A friend and colleague of mine, Peter Ingle, posted the following comment on my previous post about charter universities:
Since k-12 is required and has a set curriculum, charters provide options. But in Higher education, the curriculum is not set and schools have to differentiate in order to attract students. Aren't there a number of institutions that offer much of what you suggest? I think so. The only real difference is the way that they are administered.
Peter is a former public school teacher, and his wife still teaches at an elementary school in Park City. He's also really smart about curriculum and American higher ed, so I trust his impulse here.
I still think charter universities might be a good idea, though. Here is why:
1. Administrative freedom is a big deal. It is true that most colleges and universities have some form of faculty governance and processes in place to bring about changes. But that said, they are slow moving beasts, in large part because they are so big. This is especially the case for state schools, which have an added layer of administration at the state system level.
2. Public higher education, at least in Utah, seems to be in a race to sameness. Schools seem to be competing to offer the same majors and set of services. Charter universities would be a way for state systems to innovate at relatively low cost, and offer meaningful options to students. Andbecause they are small and inexpensive they would be a way to open higher education to people where they live. If we want to build sustainable communities, having a small university in town dedicated to that community might be really valuable. As it is, rural and poor communities lose their youth in part because there is nowhere in town for them to attend college.
3. All higher ed, be it public or private, is missing some key opportunities. We all know that demographic changes and the economy mean that higher education needs to be less expensive and better suited to first-generation and low income students. We also know that there is a huge market out there for schools that serve these students well. But who is doing a thorough-going job of it? I don't mean offering a program here and there, but giving an institution wholly over to that mission.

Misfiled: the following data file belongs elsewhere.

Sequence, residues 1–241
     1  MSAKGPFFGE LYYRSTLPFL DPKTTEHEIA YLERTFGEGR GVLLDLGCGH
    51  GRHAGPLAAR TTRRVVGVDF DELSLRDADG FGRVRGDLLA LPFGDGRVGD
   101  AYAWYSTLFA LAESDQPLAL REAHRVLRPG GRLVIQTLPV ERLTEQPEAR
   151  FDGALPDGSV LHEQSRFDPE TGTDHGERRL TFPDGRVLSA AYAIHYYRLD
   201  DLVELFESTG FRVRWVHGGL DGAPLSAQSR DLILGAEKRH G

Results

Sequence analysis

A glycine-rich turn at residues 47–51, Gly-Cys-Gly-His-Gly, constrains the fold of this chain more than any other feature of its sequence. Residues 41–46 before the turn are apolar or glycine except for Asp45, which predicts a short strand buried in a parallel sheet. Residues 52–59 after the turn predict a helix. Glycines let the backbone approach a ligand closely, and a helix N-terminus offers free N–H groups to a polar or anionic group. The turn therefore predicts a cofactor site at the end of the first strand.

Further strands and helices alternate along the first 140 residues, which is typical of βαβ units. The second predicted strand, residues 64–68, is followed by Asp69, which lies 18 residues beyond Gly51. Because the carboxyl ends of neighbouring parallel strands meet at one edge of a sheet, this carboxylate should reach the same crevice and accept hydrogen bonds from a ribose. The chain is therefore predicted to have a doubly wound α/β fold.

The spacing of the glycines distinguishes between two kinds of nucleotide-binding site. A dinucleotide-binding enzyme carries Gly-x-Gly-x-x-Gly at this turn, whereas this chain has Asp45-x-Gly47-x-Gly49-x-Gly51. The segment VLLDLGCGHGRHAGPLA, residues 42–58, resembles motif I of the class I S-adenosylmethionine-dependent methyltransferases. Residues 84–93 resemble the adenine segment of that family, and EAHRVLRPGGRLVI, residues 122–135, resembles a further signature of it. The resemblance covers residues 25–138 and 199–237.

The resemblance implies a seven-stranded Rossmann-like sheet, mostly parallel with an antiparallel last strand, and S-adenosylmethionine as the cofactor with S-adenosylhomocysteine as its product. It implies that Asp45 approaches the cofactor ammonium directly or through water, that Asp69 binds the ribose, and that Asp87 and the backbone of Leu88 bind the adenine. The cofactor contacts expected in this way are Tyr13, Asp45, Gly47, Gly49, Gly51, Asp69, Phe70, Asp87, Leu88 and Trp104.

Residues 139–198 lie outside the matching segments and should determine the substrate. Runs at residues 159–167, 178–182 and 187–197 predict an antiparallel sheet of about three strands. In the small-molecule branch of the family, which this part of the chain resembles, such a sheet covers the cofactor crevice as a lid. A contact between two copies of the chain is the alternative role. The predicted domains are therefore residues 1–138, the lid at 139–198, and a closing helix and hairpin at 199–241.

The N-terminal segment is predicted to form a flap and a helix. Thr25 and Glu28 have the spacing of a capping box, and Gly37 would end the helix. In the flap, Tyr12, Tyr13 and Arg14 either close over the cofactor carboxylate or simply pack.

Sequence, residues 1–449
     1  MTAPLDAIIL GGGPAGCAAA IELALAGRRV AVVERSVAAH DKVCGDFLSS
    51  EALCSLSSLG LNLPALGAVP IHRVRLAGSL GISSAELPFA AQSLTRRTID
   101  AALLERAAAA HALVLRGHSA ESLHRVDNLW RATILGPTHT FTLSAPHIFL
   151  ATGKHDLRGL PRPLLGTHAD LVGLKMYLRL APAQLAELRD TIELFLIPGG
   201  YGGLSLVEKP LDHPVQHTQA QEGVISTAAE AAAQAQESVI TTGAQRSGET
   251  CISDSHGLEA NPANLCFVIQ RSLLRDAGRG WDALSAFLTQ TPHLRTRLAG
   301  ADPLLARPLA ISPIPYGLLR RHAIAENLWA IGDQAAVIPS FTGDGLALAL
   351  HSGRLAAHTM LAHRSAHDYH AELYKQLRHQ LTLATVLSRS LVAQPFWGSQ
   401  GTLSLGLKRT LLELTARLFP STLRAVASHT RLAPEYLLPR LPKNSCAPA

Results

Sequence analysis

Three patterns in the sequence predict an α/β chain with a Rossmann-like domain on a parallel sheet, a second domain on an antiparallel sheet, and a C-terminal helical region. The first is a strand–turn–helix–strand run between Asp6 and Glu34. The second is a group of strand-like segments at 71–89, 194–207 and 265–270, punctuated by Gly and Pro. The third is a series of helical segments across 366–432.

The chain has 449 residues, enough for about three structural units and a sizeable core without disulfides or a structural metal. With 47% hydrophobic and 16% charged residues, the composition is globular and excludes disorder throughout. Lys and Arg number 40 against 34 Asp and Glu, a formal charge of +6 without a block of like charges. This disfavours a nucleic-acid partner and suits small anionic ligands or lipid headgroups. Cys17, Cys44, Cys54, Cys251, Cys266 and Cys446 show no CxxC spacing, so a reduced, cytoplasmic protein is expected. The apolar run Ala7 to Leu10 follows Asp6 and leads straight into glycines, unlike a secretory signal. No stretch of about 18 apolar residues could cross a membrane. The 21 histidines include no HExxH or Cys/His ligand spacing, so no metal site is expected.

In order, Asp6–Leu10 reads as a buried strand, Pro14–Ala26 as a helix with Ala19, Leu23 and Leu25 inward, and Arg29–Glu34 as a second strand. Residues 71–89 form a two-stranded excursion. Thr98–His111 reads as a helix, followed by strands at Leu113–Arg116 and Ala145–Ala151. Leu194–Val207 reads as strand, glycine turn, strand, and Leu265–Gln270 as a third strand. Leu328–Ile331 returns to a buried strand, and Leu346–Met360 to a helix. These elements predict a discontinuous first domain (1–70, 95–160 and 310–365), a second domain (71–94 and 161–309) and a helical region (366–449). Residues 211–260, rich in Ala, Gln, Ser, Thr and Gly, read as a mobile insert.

4. Size matters. American higher ed is still fixated on bigness. This fixation dates to a time when every campus needed one of everything--a library, a gym, a cafeteria, etc. Today, I'm not sure that every campus needs that. (For example, lots of towns have their own theatres which could be shared with the theatre program at a charter university. Same with gyms and libraries. Not to mention the information available electronically.) I am sure, though, that every student needs a mentor, and that faculty need to collaborate, and we need to embrace pedagogies that really lead to active learning. Those things are possible in big institutions, but they are probable in very small ones, where everyone is committed to the same, clear end.
5. Entrepreneurial opportunities. Higher ed doesn't have much room for entrepreneurs. But across the world we see social entrepreneurs doing a lot of good in education. (Look for example, at the progress that small private K-12 schools are making in the very poorest sectors in the developing world.) A look at the most innovative institutions of higher ed in the US (Alverno College, Portland State, CSU-Monterey Bay, Evergreen State, College of the Atlantic, etc.) indicates that they got that way because they took advantage of crisis or new creation to form a powerful culture for learning.
None of this is to say that charter universities are a solution. In fact, new private institutions committed to the public and private purposes of education might do just as well. And as Peter points out, there are many small, innovative schools out there. But the vast majority of students in higher ed don't attend those schools, in part because of their high cost, in part because with very few exceptions they are clustered in the northeast and midwest, and in part because K-12 and higher ed in the US tend to point students to big schools.
At the very least, we ought to think about whether charters, a useful innovation in K-12, might serve a similar purpose in higher ed.
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